By Sophie McMahon
Curated by Professor Martin Evans (University of Sussex) to commemorate 60 years since Algeria's liberation from French colonialism, this live event forefronted the histories of women in the anti-colonial struggle.
An interesting conversation between the Head of Exhibitions at the De La Warr Pavilion, Joseph Constable, and Zineb Sedira, whose work 'Can't You See the Sea Changing?' is currently on display in the gallery, was a highlight of the evening. The Pavilion's coastal setting provides a dynamic and appropriate backdrop to her ongoing investigation into the sea as a motif and geopolitically charged space, inspired by her parents boat migration from Algeria to France. The venue she chose, as well as the manner in which she presented her exhibition—combining film and archival material, photography, and installation—shows her interest in immersing the observer within her work.
Further, another of Sedira’s projects, which involved connecting the UK to Algeria via lighthouses, was particularly thought-provoking. Examining the log books kept by lighthouse keepers in Algeria dating back to the colonial era of the 1950s/60s, she was able to trace time and politics through studying the language in which each observation was written (French or Arabic). Only a few were in Arabic after March 18, 1962, when the French government and its Algerian counterparts signed an agreement paving the way for Algerian independence. Whereas there were almost no French observations after the official Independence Day on July 5, 1962. As guards of Algerian history both metaphorically and physically, the lighthouses have stood witness to the horrific bloodshed that stained the Mediterranean sea during this era.
Constable added to this discussion with the idea that lighthouses are guards of Algerian history both physically and metaphorically. As they stand tall and emit light as beacons for navigational aid yet have also witnessed the horrific bloodshed in the Mediterranean sea during the colonial era.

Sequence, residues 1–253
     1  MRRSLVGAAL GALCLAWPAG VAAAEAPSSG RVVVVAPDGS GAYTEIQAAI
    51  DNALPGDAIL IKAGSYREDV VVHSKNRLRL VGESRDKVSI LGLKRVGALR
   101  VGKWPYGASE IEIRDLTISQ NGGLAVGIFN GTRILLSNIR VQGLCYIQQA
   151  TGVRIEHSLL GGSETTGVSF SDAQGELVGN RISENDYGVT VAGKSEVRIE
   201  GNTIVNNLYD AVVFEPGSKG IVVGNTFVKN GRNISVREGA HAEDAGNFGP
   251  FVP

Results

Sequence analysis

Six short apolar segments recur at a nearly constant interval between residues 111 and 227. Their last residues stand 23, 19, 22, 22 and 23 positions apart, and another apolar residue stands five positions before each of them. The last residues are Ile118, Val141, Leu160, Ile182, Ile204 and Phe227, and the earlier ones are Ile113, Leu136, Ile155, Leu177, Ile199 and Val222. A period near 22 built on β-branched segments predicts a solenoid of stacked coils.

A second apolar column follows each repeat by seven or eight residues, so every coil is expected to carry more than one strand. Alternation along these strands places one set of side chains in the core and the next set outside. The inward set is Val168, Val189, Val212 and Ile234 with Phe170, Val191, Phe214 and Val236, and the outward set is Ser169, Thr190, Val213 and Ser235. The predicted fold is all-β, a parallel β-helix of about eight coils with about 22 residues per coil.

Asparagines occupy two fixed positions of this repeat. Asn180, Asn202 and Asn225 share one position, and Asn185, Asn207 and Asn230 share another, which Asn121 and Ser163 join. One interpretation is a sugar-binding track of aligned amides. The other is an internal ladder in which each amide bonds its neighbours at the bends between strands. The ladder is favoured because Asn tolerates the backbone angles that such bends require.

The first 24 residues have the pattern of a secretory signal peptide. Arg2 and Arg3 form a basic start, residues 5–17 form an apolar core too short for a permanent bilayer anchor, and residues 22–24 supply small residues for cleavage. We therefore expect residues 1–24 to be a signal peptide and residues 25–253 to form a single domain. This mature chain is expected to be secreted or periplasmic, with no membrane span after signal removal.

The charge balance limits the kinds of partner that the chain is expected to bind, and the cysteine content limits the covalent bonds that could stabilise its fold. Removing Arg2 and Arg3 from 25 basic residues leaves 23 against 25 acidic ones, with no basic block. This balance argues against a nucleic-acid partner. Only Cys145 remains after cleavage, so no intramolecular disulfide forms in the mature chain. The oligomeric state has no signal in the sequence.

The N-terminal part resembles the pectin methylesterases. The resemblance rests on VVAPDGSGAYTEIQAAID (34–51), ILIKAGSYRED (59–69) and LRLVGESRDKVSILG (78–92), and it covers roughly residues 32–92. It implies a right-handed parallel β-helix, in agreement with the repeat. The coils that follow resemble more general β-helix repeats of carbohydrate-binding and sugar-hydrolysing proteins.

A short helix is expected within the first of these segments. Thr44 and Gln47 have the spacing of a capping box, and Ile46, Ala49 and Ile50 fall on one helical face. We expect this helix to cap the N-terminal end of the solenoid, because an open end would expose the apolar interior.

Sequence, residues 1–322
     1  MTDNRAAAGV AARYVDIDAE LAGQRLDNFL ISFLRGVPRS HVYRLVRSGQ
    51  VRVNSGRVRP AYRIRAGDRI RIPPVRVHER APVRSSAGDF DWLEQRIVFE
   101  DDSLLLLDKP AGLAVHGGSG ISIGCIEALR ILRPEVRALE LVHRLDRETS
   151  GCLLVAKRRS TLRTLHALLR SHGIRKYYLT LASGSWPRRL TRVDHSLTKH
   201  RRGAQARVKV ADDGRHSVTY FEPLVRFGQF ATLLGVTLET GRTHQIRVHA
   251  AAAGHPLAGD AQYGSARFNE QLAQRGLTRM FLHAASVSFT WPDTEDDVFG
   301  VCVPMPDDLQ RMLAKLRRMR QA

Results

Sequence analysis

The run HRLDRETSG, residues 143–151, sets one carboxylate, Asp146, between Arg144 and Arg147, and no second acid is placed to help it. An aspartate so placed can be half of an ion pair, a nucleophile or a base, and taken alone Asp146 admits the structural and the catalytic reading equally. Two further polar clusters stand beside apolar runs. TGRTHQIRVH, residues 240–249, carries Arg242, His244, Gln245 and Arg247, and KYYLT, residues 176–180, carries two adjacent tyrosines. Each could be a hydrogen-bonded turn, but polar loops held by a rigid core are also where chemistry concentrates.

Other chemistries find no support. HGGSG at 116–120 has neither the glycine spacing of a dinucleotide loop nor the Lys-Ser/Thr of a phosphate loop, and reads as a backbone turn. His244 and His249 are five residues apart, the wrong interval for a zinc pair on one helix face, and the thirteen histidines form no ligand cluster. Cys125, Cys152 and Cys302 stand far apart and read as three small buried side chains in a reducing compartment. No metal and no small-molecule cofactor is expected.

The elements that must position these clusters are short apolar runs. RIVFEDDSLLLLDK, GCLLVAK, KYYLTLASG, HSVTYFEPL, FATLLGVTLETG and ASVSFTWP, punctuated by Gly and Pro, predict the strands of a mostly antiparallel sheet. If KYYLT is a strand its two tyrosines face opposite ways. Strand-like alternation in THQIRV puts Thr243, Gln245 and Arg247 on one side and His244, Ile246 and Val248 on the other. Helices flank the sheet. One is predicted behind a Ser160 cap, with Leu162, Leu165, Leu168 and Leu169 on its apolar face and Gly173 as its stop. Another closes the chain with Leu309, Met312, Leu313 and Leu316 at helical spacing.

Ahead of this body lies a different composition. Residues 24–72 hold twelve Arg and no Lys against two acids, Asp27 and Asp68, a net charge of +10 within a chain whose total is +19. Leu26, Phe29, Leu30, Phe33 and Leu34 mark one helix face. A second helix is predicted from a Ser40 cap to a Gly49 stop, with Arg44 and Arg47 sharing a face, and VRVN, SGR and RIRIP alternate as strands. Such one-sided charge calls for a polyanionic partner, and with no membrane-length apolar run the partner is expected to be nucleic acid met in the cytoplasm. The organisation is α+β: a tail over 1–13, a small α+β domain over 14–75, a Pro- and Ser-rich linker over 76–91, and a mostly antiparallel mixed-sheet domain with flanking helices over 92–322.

Zineb Sedira’s ‘Can’t You See the Sea Changing?’ exhibition is running at the De La Warr Pavilion from Saturday 24 September 2022 – Sunday 8 January 2023, more information can be found here.
The next talk took place between Martin Evans and Nadja Makhlouf, who was in attendance via zoom from her French home. Makhlouf's work attempts to break the stereotype that surrounds women, particularly those of Arabic origin, by spotlighting those who are frequently overlooked.
Makhlouf left France for Algeria over ten years ago with the goal of liberating women from colonialism and bringing their voices to the forefront. She described the project's impetus as the story of a woman who fought with the FLN (National Liberation Front) but remains invisible in the popular narrative.
The women she met were most often known to her network of friends who were keen to help with the project in any way that they could. Many of those that she met had never been contacted before, which echoes what Sedira had mentioned earlier in the evening about the power in ‘resisting forgetting’ these untold stories.
The photographs she opted to exhibit online as part of the project are accompanied by images from the women’s own personal archives from the colonial period. Evans interestingly asked Makhlouf how she felt her photography differed from colonial style imagery of women to which she replied that her work was fundamentally centred around consent. The idea of women being part of the work and for there never to be a distinction between the photographer and the subject. This juxtaposed the violation that women would have experienced during the colonial period.
The online exhibition ‘Nadja Makhlouf: El Moudjahidate: Invisible to Visible The Role and Memory of Women Fighters Anti-Colonial Resistance Fighters in Algeria’ is available to view here.
Photographs courtesy of Sophie McMahon